General Election 2019: IFS Manifesto Analysis - Taxes
28th November 2019
Again, there is little to say about Conservative proposals. They have very few beyond a small cut in National Insurance Contributions and an ill-advised promise not to raise rates of income tax, NICs or VAT. As with their lack of proposals on spending, if you think things are pretty much OK as they are, then you will like the Conservatives proposals for tax and spend. If you want big increases in taxation and spending then Labour and Liberal Democrats have plenty to offer.
While much has been made of Labour's proposals to increase income tax for those on high incomes this is set to raise only a small fraction of their overall proposed increase in tax. Much the biggest proposals are for increases to corporation tax which, were they to bring in as much revenue as Labour suggest, would take corporate tax revenues to their highest ever in the UK and to among the highest in the developed world. They would also raise effective rates of corporate tax to levels that are high by international standards.
There has to be serious doubt as to whether elements of their corporate tax proposals would raise the sums suggested. The same is true of the proposed Financial Transactions Tax. Proposals to change the taxation of dividends and capital gains are very welcome, and would raise revenue, but again how much revenue is highly uncertain, though it is less clear in this case that Labour are being optimistic - the revenue effects of these changes are just very hard to estimate.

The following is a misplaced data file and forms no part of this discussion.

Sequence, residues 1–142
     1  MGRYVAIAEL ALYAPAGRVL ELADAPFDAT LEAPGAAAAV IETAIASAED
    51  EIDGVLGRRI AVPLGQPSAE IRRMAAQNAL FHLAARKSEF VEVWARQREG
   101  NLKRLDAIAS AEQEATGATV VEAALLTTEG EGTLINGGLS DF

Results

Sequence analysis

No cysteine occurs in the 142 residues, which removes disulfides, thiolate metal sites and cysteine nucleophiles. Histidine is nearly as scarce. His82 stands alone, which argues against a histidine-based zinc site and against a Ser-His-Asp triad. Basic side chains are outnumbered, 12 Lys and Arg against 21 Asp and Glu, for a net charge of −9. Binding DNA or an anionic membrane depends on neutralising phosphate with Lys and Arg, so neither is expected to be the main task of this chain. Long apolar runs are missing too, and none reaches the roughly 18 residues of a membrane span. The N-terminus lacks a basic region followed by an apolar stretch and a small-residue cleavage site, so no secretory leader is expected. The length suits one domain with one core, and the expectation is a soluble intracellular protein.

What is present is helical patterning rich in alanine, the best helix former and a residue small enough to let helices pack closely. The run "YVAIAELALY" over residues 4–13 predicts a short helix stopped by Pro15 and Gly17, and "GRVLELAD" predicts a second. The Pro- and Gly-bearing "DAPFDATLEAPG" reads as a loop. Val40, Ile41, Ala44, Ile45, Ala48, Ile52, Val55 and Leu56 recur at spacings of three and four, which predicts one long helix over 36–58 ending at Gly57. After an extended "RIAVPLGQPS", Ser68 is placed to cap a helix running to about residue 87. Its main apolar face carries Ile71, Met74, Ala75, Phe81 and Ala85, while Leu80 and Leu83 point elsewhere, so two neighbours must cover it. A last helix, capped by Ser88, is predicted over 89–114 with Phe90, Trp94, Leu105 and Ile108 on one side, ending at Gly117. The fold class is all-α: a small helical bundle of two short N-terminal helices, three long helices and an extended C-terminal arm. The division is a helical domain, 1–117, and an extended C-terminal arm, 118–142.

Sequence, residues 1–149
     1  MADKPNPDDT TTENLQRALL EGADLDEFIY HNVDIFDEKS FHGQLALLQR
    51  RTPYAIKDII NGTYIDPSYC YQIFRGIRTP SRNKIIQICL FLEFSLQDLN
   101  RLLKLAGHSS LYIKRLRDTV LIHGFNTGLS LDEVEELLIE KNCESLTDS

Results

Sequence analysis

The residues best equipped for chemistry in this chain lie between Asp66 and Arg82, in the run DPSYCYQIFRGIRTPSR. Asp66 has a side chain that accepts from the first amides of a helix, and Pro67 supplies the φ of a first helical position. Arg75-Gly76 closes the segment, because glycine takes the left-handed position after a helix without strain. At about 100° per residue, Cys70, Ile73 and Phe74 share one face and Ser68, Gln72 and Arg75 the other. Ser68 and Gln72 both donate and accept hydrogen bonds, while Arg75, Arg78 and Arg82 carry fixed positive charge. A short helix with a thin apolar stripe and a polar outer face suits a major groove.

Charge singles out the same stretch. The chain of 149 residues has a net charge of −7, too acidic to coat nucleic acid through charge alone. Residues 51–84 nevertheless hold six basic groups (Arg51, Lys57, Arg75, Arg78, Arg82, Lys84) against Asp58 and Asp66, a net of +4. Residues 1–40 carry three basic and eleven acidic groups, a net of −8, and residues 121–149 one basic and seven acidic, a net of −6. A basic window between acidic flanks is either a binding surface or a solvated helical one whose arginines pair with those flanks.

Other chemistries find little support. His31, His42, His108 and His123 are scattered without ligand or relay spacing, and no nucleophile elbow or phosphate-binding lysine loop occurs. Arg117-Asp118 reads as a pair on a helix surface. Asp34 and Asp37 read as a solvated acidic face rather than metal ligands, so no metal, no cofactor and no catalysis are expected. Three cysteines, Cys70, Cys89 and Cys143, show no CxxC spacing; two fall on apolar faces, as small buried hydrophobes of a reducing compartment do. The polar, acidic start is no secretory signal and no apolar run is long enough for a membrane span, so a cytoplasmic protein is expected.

All other countries which tax and spend on the scale that Labour proposes have tax systems which levy more tax on the average worker than we do. Liberal Democrat proposals to put a penny on the main rates of income tax would be simple, progressive and would raise a secure level of revenue. While the Conservatives continue to pretend that tax rises will never be needed to secure decent public services, Labour pretends that huge increases in spending can be financed by just big companies and the rich. In this respect neither Labour nor the Conservatives is being honest with the electorate.
One specific non tax policy from Labour looks a bit like a tax - that's its inclusive ownership fund under which 10% of large UK companies’ shares would, over ten years, be put into a fund which would receive 10% of dividends or of after tax UK profits. At least three quarters of these payments would go to employees, the rest to government. For firms where all the payments would go to employees this would be like an enforced employee share ownership scheme. In the first instance shareholders (i.e. savers, those with pensions etc) might face a 10% reduction in the value of their investments, but it seems likely that in the longer run companies would adjust by reducing other aspects of workers’ remuneration to compensate. For firms where profits are big enough that the government takes the final tranche this policy would be similar in its effect to raising the corporation tax rate from Labour’s proposed 26% to just over 33%. As well as possibly reducing other aspects of pay this policy could have other unintended consequences – incentivising firms to stay below the large company threshold, to operate as UK branches of foreign companies and to rely more on debt rather than share capital.